Monday, 30 April 2012

Unicode normalization forms in Android and iOS

1. Introduction
English is one of the most easily represents languages for computers, because it's words doesn't has too much tittles and neither special words as "ñ" in spanish.

But there are many other languages which has special characters that the computer cannot represent them correctly.



The example above shows the representation of the Vietnamese in Android. You don't have to know Vietnamese to notice that something went wrong: Some characters with more than one accent, some characters with a horizontal line in the upper part, etc.

One of the solutions for this problem could be the unicode normalization, which "replace equivalent sequences of characters so that any two texts that are equivalent will be reduced to the same sequence of code points, called the normalization form or normal form of the original text. " Wikipedia - Unicode equivalent

There are two notions to represent texts with similar code points: canonical equivalence and compatibility.  The first one defines code points sequences that have the same appearance and meaning when printed or displayed, while the second one defines code points that have the save meaning in some context, but they could have possibly distinct appearances.

For each one of the notions, the text could be fully composed, where utilize a single points to replace the multiple code points where possible, or fully decomposed, where single points are split into multiple ones.

So, there are four Unicode normalization forms:
  • NFD:    Normalization Form Canonical Decomposition
  • NFC:    Normalization Form Canonical Composition
  • NFKD: Normalization Form Compatibility Decomposition
  • NFKC: Normalization Form Compatibility Composition
For more information, you might check this article of the organization Unicode:
http://unicode.org/reports/tr15/ or/and this article of Wikipedia:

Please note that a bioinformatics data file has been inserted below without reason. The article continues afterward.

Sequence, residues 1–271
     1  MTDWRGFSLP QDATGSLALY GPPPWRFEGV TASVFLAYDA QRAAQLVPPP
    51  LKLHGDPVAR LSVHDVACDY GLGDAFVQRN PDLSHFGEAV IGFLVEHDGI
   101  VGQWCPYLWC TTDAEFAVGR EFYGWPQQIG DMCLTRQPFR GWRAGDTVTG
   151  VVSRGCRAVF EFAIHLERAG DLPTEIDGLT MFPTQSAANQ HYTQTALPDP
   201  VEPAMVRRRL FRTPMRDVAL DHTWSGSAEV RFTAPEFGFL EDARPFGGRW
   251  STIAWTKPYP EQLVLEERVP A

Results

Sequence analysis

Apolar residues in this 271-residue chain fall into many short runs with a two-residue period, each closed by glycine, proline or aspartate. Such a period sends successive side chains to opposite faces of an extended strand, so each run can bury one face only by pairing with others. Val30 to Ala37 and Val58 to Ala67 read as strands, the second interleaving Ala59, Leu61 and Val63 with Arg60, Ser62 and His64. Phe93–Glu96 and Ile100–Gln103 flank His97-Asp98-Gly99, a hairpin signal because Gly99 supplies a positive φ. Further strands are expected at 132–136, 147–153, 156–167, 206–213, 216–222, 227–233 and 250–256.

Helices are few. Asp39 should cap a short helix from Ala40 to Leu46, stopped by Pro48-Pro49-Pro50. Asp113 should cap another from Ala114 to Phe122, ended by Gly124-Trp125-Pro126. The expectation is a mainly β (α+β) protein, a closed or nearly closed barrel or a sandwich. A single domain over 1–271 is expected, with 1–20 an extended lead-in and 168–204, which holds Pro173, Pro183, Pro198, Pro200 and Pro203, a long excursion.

http://en.wikipedia.org/wiki/Unicode_equivalence

2. Normalization in Android
In Android, the texts are localized in two places:
  • Statical way, using a xml file in "res/values/", where the texts are in format: <string name="app_name">SampleAppName</string>
  • Dynamica way, because the text could be changed during running process or because the text is unknown before running, for example, come from the server.
For the first case, a specific compiler which normalize the text. For example, charlint by W3C.

For the second case, Android utilizes the same way as Java do, by using the class java.text.Normalizer. This class provides two methods:
  • boolean isNormalized(CharSequence src, Normalizer.Form)
    • This method checks if a char sequence has been normalized to a specific normalization form.
  • String normalize (CharSequence src, Normalizer.Form)
    • This method normalize a char sequence to a specific normalization form.
The second parameters of both methods are Normalized.Form, which could be find here:
http://developer.android.com/reference/java/text/Normalizer.Form.html

Here is an example of usage:

String textNormalized = Normalizer.normalize(text, Normalizer.Form.NFD);

Source: StackOverFlow
Source2: Daniel Lew's Coding Thoughts

3. Normalization in iOS
In Object-C, the normalization is provided by the class NSString.
The methods are:
  • - (NSString *)decomposedStringWithCanonicalMapping
    • Equivalent to NFD in Java/Android
  • - (NSString *)decomposedStringWithCompatibilityMapping
    • Equivalent to NFKD in Java/Android
  • - (NSString *)precomposedStringWithCanonicalMapping
    • Equivalente to NFC in Java/Android
  • - (NSString *)precomposedStringWithCompatibilityMapping
    • Equivalente to NFKC in Java/Android
Here is an example of the usage:

NSString *textNormalized = [text decomposedStringWithCanonicalMapping];

Source: JongAm's blog

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